Until now, airports have relied on people-counting applications to get a general sense of where people are at a given time. But, they don’t provide the full picture. With facial recognition technology, airports have access to a wide range of data points as well as a more precise view of what is happening. This can be especially important when you are looking to understand how quickly people move from one place to another.

Before AI-powered facial recognition, you had to extrapolate how quickly people moved from point A to point B by calculating how many people a camera at each location captured within a given time frame. But the system didn’t know how long it took an individual to get from one place to another. Using facial recognition, you can calculate how long it takes a specific person to move through the space.


The challenge here is initially capturing a high-quality reference image of an individual at the start of their journey so that the AI can then identify them again in a second camera later on. Given our world-leading accuracy and performance on live video, we are enabling customers around the world to do just that.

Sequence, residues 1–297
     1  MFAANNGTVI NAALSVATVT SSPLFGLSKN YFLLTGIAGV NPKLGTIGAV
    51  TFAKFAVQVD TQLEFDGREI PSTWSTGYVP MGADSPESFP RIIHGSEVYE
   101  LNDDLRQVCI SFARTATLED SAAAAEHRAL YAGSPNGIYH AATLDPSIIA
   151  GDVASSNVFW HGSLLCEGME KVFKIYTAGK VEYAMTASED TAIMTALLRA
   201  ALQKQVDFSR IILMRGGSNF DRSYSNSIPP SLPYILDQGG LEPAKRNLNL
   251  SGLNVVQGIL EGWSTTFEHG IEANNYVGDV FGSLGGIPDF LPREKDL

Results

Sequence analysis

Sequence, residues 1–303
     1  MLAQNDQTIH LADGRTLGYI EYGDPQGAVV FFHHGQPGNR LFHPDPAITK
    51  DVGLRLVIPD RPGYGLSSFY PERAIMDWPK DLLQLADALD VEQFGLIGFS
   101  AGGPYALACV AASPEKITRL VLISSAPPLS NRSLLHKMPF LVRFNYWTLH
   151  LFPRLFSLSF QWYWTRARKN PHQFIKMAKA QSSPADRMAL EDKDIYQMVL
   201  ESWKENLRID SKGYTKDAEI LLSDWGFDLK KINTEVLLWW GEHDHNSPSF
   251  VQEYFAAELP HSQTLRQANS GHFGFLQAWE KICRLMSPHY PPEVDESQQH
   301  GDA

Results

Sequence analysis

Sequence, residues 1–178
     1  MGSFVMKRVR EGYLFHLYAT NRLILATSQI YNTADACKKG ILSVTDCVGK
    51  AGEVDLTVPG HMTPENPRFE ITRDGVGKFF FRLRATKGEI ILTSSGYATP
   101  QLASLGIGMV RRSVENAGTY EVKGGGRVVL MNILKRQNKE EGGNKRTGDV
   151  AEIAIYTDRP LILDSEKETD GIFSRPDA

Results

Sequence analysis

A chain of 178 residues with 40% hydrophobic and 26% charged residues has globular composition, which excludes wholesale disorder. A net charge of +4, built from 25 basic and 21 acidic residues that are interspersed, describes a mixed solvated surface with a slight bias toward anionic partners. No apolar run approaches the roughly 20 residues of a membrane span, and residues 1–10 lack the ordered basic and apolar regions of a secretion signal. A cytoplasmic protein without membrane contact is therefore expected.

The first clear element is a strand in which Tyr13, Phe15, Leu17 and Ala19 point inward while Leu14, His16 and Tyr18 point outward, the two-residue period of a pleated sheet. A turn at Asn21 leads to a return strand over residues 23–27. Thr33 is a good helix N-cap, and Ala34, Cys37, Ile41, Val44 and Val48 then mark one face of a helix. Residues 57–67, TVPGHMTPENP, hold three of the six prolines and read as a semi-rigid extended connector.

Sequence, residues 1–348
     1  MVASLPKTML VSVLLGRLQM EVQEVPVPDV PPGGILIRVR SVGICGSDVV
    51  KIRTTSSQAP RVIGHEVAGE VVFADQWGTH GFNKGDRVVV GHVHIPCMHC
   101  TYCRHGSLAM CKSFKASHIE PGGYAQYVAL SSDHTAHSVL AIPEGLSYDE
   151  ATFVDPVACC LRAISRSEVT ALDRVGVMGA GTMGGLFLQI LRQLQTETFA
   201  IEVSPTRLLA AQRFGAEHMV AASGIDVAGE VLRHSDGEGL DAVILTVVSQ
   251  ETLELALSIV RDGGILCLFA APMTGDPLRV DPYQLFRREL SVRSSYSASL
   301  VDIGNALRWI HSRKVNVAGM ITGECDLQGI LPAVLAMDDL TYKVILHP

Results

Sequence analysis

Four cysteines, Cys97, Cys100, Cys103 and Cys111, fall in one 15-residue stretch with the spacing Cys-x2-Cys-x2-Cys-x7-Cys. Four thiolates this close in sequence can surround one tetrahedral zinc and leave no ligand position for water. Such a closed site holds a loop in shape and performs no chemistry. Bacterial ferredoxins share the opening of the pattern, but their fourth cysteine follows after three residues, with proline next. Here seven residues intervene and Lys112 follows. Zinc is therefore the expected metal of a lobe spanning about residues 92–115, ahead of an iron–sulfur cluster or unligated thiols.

To illustrate, when a face passes by a camera, our platform creates a biometric template, or signature, that is stored temporarily along with the time of day and camera information. When that individual’s face is captured again by another camera later during their journey, the image is then compared to the previously stored face templates. A match between the images then provides the exact duration for that traveller’s journey.

Of course, one of the concerns around facial recognition technology is the perceived invasion of privacy. At SAFR, we understand this and built Privacy By Design into SAFR from the start. For this use-case, the identity of the traveller is kept anonymous as the process does not require matching their face against any databases. Individual privacy is further protected since all face images and templates are automatically deleted from the system at pre-determined intervals, usually between two and 24 hours.


It’s clear that airports are complex environments that require powerful solutions to address their unique needs. They have a broad range of challenges relating to operational efficiency and security. And, with so many assets, systems, and people to safeguard, there’s little room for error.

Our goal at SAFR is to provide the technology that gives airports the actionable data they need to enhance passenger experience and maintain safe environments. With more data and a greater understanding, they can make better informed operational and management decisions while also mitigating risks and responding to events and incidents more effectively.

This article originally appeared in the May/June 2020 issue of Security Today.

About the Author

Dan Grimm is the vice president and general manager of Computer Vision at SAFR.